Port River Dolphin Trail: North of the Adelaide CBD is Port Adelaide, through which the Port River (really an estuary) runs. The port area is rather historic, and features a number of beautiful old buildings, as well as the start of the Port River Dolphin Trail (brochures with map available from the information centre here). This is one of the best places to see the resident Indo-Pacific bottlenose dolphins. The driving trail then takes you out to Garden Island, where a long pier runs along the mangrove shore, with views over the water and mangroves, allowing for great bird watching, and (theoretically) good dolphin viewing. The trail also takes you to the coast, where there are some stunning beaches, but we unfortunately didn’t spot any dolphins anywhere.

    Overall, Adelaide is a really beautiful city, and I think nicer than both Melbourne and Sydney.
     
  3. nanoboy

    nanoboy Well-Known Member

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    Adelaide is a large country town. :D It's too hot too regularly for me, and international events (like tennis, musicals, rock superstars etc) often give it a miss. It's too quiet! Nice to visit, but I wouldn't like to live there.
     
  4. Jabiru96

    Jabiru96 Well-Known Member

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    (Not zoo related) Zooboy, did you also go to the outskirts of Adelaide such as the Barossa Valley, Hahndorf (German village), etc? I have always heard that Adelaide was a 'boring' city with not much to do but you make it sound like a nice place to visit.
     
  5. MRJ

    MRJ Well-Known Member

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    Not sure if you went inside the modernistic glass house, but last time they had pittas and maybe other birds at liberty within it, also some invert exhibits as well.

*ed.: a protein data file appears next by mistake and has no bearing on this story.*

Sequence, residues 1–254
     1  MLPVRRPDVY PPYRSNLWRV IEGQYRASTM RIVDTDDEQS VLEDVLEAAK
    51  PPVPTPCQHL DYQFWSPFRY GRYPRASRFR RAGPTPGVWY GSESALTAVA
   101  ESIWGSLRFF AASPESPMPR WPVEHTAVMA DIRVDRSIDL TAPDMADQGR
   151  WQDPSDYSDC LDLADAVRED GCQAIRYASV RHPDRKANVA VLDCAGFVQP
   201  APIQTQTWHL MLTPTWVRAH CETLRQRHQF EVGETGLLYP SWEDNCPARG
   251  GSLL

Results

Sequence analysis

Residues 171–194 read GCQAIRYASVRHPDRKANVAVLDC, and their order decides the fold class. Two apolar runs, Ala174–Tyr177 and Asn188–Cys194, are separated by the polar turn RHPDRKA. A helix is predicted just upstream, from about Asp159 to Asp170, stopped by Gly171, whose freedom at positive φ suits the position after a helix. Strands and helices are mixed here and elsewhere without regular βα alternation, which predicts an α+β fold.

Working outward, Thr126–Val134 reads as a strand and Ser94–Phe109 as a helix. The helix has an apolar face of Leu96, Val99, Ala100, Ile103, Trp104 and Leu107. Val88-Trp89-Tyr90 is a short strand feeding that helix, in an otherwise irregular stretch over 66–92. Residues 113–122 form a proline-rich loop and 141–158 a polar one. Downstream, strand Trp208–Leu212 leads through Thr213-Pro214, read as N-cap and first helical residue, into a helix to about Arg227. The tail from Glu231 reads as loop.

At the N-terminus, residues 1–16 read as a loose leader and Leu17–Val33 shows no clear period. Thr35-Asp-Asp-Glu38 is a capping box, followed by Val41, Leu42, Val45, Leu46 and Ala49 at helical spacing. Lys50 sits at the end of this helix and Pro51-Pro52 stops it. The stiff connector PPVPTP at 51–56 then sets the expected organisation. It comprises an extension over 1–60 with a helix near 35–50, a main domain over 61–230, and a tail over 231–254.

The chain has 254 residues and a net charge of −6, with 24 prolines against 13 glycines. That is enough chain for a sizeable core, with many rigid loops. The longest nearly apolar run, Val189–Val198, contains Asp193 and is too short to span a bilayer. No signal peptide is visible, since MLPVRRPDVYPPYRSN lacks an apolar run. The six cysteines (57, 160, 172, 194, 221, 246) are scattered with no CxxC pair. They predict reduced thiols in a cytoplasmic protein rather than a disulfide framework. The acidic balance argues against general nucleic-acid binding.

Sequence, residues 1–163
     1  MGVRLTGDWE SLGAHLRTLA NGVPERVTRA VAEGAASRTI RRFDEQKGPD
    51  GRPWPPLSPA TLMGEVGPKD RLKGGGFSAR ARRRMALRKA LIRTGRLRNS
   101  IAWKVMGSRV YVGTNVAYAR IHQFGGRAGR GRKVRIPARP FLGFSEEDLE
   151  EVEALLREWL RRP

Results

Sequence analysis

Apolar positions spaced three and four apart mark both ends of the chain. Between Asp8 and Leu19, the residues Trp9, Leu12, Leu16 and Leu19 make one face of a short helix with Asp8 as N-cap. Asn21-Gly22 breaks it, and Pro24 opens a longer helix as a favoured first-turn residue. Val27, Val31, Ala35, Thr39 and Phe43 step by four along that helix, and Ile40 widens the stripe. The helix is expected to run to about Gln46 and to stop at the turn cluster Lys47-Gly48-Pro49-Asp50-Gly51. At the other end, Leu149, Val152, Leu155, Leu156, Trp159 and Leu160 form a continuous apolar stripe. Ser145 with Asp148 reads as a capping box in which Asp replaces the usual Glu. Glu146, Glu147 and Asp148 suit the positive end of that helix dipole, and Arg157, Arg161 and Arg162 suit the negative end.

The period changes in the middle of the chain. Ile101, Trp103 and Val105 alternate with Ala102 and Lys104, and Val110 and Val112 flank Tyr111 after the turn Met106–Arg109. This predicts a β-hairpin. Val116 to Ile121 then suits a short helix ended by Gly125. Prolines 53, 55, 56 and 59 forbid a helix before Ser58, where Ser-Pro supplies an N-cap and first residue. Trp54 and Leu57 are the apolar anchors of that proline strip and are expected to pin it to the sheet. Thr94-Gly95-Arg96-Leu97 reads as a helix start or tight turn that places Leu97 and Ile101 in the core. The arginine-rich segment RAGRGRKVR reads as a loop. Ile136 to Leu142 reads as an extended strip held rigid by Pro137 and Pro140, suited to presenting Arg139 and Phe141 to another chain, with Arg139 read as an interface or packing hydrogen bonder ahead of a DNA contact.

Also I rather liked an old building that housed a 19th century exhibit on the "uses of plants". A throw back to a time when everything had to have a material use to humans if it was to be seen as having any value at all.
     
  6. zooboy28

    zooboy28 Moderator Staff Member

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    I don't think its too quiet for me, and I could always just visit Melbourne if there was a big act I did want to see. I think large country town probably suits me more than sprawling metropolis. The city is beautiful and green, and it seems like there are many more green spaces than in Melbourne and Sydney. The temperature would be a problem though.
     
  7. zooboy28

    zooboy28 Moderator Staff Member

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    I spent a day exploring the Barossa Valley, which was really nice. We stopped at lots of small towns (and a few wineries, olive places, a farmer's market, fair, etc.), which was really nice. Stunning old buildings out there, and everyone was really friendly. We spent literally an hour at the olive place, talking with the owner and trying stuff, and I don't even like olives! We also drove round the Adelaide Hills a bit, which was all very nice country.

    There were also lots of great food places in the city, my favourite was a Thibetan/Nepalese restaurant, which was pretty interesting, never had that sort of food before!

    There was also heaps of stuff we could have done but didn't, including Kangaroo Island, and exploring that region down there, and visiting Cleland Wildlife Park and Humbug Scrub Sanctuary. There really are a lot of wildlife attractions in that area really.